So, there is a history of this happening at Defcon, but beyond witnessing it on stage, I don't know who provided this, how it came to be, or why it stopped happening.

                  HTH,
                  -Cot
                  Last edited by TheCotMan; 01-09-2013, 09:49 AM.
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                  • #10
                    Re: DEAF CON

                    I'm totally with you here, a lot of my family is deaf but I am not, and I'm pretty in-tune with the community at least in my area. It would be great to have an interpreter for those who are interested.

                    Comment


                    • #11
                      Re: DEAF CON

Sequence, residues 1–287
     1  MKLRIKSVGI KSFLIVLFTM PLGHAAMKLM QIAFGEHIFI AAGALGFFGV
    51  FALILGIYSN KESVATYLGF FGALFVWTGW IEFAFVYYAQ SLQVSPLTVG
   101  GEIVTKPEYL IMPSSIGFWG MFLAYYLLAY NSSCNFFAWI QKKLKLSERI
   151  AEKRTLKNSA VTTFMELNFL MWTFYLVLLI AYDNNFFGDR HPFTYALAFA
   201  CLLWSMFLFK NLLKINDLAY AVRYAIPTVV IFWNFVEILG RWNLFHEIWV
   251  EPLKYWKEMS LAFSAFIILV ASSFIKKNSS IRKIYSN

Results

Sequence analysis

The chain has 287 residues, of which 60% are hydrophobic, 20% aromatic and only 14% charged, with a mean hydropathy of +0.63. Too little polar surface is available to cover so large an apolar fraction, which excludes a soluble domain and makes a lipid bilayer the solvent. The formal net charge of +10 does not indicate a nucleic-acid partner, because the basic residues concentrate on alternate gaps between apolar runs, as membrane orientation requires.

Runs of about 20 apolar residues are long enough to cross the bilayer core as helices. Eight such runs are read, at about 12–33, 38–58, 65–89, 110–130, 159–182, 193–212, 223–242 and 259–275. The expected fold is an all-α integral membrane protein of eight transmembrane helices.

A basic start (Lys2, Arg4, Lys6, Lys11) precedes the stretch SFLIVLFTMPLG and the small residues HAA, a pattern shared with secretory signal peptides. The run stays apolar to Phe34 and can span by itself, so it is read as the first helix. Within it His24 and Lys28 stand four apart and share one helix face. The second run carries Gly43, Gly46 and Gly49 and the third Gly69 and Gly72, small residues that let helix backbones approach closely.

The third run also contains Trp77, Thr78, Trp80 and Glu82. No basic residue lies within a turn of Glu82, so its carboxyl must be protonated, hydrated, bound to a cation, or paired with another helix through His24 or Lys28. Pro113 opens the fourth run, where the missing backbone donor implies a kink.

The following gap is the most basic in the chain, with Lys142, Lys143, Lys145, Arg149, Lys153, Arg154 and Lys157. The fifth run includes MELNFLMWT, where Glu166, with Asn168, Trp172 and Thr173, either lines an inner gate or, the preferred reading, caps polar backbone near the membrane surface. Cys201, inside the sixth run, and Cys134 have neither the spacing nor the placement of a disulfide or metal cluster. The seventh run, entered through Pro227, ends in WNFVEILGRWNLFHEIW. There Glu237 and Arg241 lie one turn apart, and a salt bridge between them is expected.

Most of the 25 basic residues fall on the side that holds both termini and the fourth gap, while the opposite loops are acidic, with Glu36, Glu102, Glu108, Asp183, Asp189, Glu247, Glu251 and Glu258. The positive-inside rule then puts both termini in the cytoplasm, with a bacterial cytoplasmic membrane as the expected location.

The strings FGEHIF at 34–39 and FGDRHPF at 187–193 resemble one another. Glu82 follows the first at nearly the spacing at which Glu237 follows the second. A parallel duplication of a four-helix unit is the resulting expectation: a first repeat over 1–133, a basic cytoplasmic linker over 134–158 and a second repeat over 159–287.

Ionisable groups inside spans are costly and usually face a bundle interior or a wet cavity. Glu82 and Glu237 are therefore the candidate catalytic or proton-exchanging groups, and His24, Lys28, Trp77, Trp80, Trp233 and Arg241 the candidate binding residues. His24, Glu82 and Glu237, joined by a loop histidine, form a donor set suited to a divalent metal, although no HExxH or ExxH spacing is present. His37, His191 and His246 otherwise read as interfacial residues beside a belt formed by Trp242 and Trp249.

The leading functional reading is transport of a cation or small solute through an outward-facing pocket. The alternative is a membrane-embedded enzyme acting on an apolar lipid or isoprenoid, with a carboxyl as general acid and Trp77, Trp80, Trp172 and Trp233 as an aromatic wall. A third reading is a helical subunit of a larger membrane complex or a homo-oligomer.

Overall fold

Originally posted by TheCotMan View Post
                      If we were to have people be interpreters on stage, I'd like to see that happen just like almost all other human resources at Defcon -- pool of volunteer and people who have a passionate desire to provide this as a service. If there are not enough volunteers, then this becomes an opportunity for a small number of volunteers to encourage other people to volunteer, and if necessary educate them, or direct them to self-education and testing.
                      oh, i would surely love for this to be the solution... for a few people to say, "i'm fluent in ASL and would act as an interpreter during 3 or 4 talks per day"

                      the thing is, they would have to already be fully-versed in that skill. translating (and doing it well) is NOT something that can be just picked up on the fly or as a hobby. not for a live talk, at least. standing around in the Lockpick Village or Hardware Hacking tables, etc... that's a place where "someone with a deaf niece" who knows a fair bit of ASL could be useful.